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Will Markets Turn on the Fed's March Minutes?

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Part 4
Will Markets Turn on the Fed's March Minutes? PART 4 OF 4

How Markets Could Respond to the Fed’s Hawkish Stance

What could move equity markets

Equity markets (VTI) trended lower after the US Federal Reserve March meeting minutes were reported. According to the minutes, some US FOMC (Federal Open Market Committee) members were concerned about the rise in equities, allying fears about the possibility of a bubble. There were many other factors that have been in play since then—particularly, US President Trump’s and Chinese (FXI) Premier Xi’s meeting, as well as the geopolitical tension surrounding the chemical attack in Syria and Trump’s subsequent bombing.

How Markets Could Respond to the Fed&#8217;s Hawkish Stance

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Equity markets, on the whole, might not be an immediate causality, but the prospect of rising yields—once excess Treasuries are offloaded—will likely have a bearing on financial institutions (KRE) and corporations, which, in turn, will affect only some equity markets.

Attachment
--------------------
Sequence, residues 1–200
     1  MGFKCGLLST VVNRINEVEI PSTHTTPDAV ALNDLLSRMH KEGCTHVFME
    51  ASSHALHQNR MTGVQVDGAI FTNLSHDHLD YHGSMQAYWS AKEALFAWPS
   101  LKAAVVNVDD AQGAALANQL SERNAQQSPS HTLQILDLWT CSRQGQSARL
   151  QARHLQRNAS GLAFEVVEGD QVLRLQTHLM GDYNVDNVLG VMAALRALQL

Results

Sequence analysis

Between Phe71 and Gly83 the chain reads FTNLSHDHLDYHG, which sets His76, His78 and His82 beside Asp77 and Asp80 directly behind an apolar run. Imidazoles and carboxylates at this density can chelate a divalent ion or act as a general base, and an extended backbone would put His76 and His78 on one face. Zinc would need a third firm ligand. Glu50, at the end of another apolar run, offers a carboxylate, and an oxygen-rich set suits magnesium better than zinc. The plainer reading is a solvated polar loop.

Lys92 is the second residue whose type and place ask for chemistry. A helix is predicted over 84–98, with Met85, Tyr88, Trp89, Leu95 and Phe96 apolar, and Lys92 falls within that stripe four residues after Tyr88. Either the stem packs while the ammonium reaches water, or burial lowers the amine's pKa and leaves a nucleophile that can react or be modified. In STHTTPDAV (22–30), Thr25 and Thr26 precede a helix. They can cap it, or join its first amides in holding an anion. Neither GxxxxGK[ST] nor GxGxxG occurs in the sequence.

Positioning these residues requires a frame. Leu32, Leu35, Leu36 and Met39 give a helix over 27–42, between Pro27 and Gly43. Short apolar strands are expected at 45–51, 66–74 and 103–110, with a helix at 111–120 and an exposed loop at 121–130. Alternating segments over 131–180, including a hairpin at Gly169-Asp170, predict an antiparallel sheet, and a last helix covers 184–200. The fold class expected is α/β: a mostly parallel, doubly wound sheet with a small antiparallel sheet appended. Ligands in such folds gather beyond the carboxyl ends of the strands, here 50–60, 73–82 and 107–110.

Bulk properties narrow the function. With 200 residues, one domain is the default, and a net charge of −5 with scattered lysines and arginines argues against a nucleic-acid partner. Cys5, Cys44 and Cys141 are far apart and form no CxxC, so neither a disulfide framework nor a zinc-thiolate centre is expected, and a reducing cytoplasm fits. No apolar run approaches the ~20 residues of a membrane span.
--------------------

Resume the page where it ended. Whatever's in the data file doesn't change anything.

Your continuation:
How bond markets could react

After the Fed March meeting minutes indicated a lengthy discussion about trimming the Fed’s balance sheet, bond yields shot up, but the climb proved to be a knee-jerk reaction. Bond prices (LQD) will likely drop again, given the excess supply if the Fed starts selling the bonds in its balance sheet, driving yields higher.

The reason why the chaos in fixed income markets has stalled is likely because there doesn’t look to be a possibility of the above happening soon—not by the end of 2017, at least. But when it eventually does happen, the Fed will likely prepare markets beforehand.

Summary

The FOMC March meeting minutes project the Fed’s hawkish stance and continue to signal that the Fed is likely to remain on course for raising short-term interest rates, depending on the economic performance in the US going forward. But there may not be a reason to worry about a bond market (MINT) sell-off anytime soon, given the Fed’s current balance sheet rebalancing plans, as the process is likely to be slow and predictable in 2017.

Meanwhile, the focus is now on federal spending and tax cuts, and the Fed’s decisions are likely to remain cautious, taking care to avoid any unwarranted volatility.

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